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Medical Weight Loss Program Decreases Hypertension in Patients

January 9, 2009--|medi| recently conducted a retrospective cohort study of their physician supervised weight loss program’s effects on hypertension. Patients were monitored over a 10-week period and had an average weight loss of 37 pounds on the program. After participation in the |medi| program for 10 weeks, the amount of patients who were classified as hypertensive or pre-hypertensive decreased by 20.8%.

The randomly selected sample size of 355 patients was 87% female and 13% male. The average age was 45. Before participating in the |medi| program, 7.6% of the patients in the study were classified as hypertensive, or having a blood pressure reading of 140/90 or greater. After participating in the program, less than 1% of patients were classified as hypertensive. The percentage of patients at risk for developing hypertension (pre-hypertensive), or having a blood pressure reading higher than 120/80, but lower than 140/90, was 25.9% before the program. After 10 weeks of participating in the medically supervised program, that percentage decreased to 13.2%.

According to Macklin E. Guzman, MPH, Director of Research & Development and Chief Compliance Officer of |medi|, "Obesity and its associated co-morbidities has become a public health problem of unprecedented proportions in this country, and medical professionals are at a unique position to properly address the needs of the overweight patient. The burgeoning effects of this crisis will continue to escalate unless people are educated on the benefits of losing weight and embracing a lifestyle of wellness." Weight loss is considered the most effective non-pharmacological therapy for lowering blood pressure in overweight and obese hypertensives. Clinical researchers have long identified the dose-response relationship between the quantity of weight loss and the drop in blood pressure. (1)

According to The Centers for Disease Control and Prevention (CDC), about 30% of the United States adult population are hypertensive, about 28% are pre-hypertensive, and about 90% of middle-aged adults will develop high blood pressure in their lifetime.2 Hypertension is a co-morbidity associated with obesity. "Generally, risk estimates suggest that approximately 75% and 65% of the cases of hypertension in men and women, respectively, are directly attributable to an overweight condition and obesity." (1) By addressing weight loss, overweight and obese individuals can reduce their risk of developing hypertension and other co-morbidities associated with obesity. Other co-morbidities include diabetes, sleep apnea, heart disease, gallbladder disease, and depression. |medi| provides a quality weight loss and wellness program that is safe and effective for all patients.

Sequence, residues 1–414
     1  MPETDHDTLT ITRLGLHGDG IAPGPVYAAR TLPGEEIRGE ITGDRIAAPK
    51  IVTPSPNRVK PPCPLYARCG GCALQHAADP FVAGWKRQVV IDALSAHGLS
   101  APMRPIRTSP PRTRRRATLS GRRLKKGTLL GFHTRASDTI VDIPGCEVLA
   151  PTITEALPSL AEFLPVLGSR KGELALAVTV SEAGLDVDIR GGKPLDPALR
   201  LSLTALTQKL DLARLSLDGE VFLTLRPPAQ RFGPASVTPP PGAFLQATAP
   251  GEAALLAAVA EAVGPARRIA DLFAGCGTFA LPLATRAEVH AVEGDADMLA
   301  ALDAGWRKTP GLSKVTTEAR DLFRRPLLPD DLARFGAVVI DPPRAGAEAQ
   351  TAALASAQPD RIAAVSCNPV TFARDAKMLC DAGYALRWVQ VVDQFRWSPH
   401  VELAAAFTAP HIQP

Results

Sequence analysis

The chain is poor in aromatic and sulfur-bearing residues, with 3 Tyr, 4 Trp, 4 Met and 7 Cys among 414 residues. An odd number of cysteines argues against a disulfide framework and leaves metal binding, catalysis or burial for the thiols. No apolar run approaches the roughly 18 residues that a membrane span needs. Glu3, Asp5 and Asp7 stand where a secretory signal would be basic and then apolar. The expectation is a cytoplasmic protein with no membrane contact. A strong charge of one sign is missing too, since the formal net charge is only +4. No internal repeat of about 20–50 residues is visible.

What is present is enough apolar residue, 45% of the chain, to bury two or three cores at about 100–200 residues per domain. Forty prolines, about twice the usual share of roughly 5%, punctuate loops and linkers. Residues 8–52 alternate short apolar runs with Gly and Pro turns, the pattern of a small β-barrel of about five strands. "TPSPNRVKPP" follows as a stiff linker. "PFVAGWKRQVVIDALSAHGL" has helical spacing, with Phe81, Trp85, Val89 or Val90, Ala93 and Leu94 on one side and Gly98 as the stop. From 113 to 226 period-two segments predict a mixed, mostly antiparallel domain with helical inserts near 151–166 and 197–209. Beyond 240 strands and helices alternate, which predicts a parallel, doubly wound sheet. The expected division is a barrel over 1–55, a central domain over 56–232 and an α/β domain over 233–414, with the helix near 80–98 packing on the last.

|medi| is a physician-supervised weight loss program that helps patients lose up to 5 to 10 pounds the first week and up to 20 pounds the first month. The |medi| medical staff provides a three-step, individualized weight loss program, including FDA-approved appetite suppressants, dietary supplements, injections, and vitamins, as well as nutritional and exercise counseling. |medi| can assist individuals with shedding unwanted or unhealthy pounds rapidly, and then successfully keeping them off.

To find the location nearest you, call 1-877-MED-LOSS, or visit the website at www.mediweightlossclinics.com. For information on opening a clinic, please contact the Business Development Department at 1-866-551-MEDI.

References

  1. Davy, Kevin P & Hall, John E. "Obesity and Hypertension: Two Epidemics or One?" American Journal of Physiology-Regulatory, Integrative, and Comparative Physiology. May 2004.
  2. High Blood Pressure Facts and Statistics. (2007, February 9). Department of Health and Human Services Centers for Disease Control and Prevention. Retrieved November 4, 2008, from http://www.cdc.gov/bloodpressure/facts.htm

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